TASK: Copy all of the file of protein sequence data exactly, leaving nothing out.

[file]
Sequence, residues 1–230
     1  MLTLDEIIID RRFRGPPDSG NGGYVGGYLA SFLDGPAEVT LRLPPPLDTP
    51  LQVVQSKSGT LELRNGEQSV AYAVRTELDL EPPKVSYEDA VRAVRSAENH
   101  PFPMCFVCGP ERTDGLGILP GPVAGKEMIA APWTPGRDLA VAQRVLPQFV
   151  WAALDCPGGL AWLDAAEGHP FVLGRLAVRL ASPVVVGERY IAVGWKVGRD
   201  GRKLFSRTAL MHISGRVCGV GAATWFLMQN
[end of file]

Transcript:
Sequence, residues 1–230
     1  MLTLDEIIID RRFRGPPDSG NGGYVGGYLA SFLDGPAEVT LRLPPPLDTP
    51  LQVVQSKSGT LELRNGEQSV AYAVRTELDL EPPKVSYEDA VRAVRSAENH
   101  PFPMCFVCGP ERTDGLGILP GPVAGKEMIA APWTPGRDLA VAQRVLPQFV
   151  WAALDCPGGL AWLDAAEGHP FVLGRLAVRL ASPVVVGERY IAVGWKVGRD
   201  GRKLFSRTAL MHISGRVCGV GAATWFLMQN